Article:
With even greater interest I will see how it applies to my particular field: linking NGOs to innovation. This seems a bit of an unexplored corner of the innovation-landscape.
You may possibly find it interesting to read about my explorations (see url). Answers cannot be guaranteed but it seems worthwhile to ask the questions nevertheless.

Christian Plante

Mr. Moore,

Could you substantiate how you come to the conclusion that Apple's retail outlets are more successful than Sony's?

Apparently Sony is using retail outlets to demo products and build their brand, not for pure revenue generation. Then, what would the right metric be to measure who's most successful, Sony or Apple?

Geoff Moore

Christian,
I was thinking both Sony and Apple were spending to create a premium customer experience to enhance the popularity of their brand. So the metric would be brand perception.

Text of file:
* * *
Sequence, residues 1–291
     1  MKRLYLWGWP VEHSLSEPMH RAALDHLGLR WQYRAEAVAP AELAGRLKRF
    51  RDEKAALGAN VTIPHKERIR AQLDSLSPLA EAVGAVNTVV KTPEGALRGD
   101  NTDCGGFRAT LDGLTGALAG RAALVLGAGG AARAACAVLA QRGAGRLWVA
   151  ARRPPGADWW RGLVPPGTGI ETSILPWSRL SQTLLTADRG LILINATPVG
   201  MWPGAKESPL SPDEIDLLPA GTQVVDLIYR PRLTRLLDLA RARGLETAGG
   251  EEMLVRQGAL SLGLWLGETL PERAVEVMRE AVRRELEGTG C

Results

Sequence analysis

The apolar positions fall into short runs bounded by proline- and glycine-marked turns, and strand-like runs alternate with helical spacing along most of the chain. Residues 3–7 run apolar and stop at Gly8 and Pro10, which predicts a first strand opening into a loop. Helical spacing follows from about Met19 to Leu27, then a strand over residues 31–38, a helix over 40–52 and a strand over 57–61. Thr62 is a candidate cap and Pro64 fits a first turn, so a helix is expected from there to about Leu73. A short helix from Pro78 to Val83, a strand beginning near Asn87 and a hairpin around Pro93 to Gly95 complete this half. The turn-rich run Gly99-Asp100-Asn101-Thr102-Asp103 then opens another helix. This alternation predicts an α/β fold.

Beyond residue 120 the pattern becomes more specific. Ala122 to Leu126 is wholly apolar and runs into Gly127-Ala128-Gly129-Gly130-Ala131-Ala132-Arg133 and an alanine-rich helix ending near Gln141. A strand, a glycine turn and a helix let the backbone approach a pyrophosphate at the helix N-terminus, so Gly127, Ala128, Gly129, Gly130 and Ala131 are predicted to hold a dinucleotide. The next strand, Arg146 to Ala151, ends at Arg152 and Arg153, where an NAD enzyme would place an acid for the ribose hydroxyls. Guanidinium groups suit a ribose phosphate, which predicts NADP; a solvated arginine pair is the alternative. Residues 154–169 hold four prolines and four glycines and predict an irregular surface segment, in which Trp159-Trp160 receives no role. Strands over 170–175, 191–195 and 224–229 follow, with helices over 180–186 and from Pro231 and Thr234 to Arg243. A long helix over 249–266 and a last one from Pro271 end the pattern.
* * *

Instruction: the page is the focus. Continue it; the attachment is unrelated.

Neil Blecherman

Mr. Moore,

I appreciate your comments here as well as your recent presentation at the Intel Software Symposium. I agree that amplifying signal is not enough without also reducing noise. The part of the equation I find most interesting is in chapter 9 of your book where you stress the need for established businesses to improve their productivity annually, allowing resource re-allocation to new and innovative parts of the company. This also satisfies the need in competitive employment markets like high-tech for managers and employess to chart satifying careers with options to either dive deeper into "optimizing the succesful" or "develop the next big thing". In the pursuit of innovation, do the people and resource management challenges vary in different industries?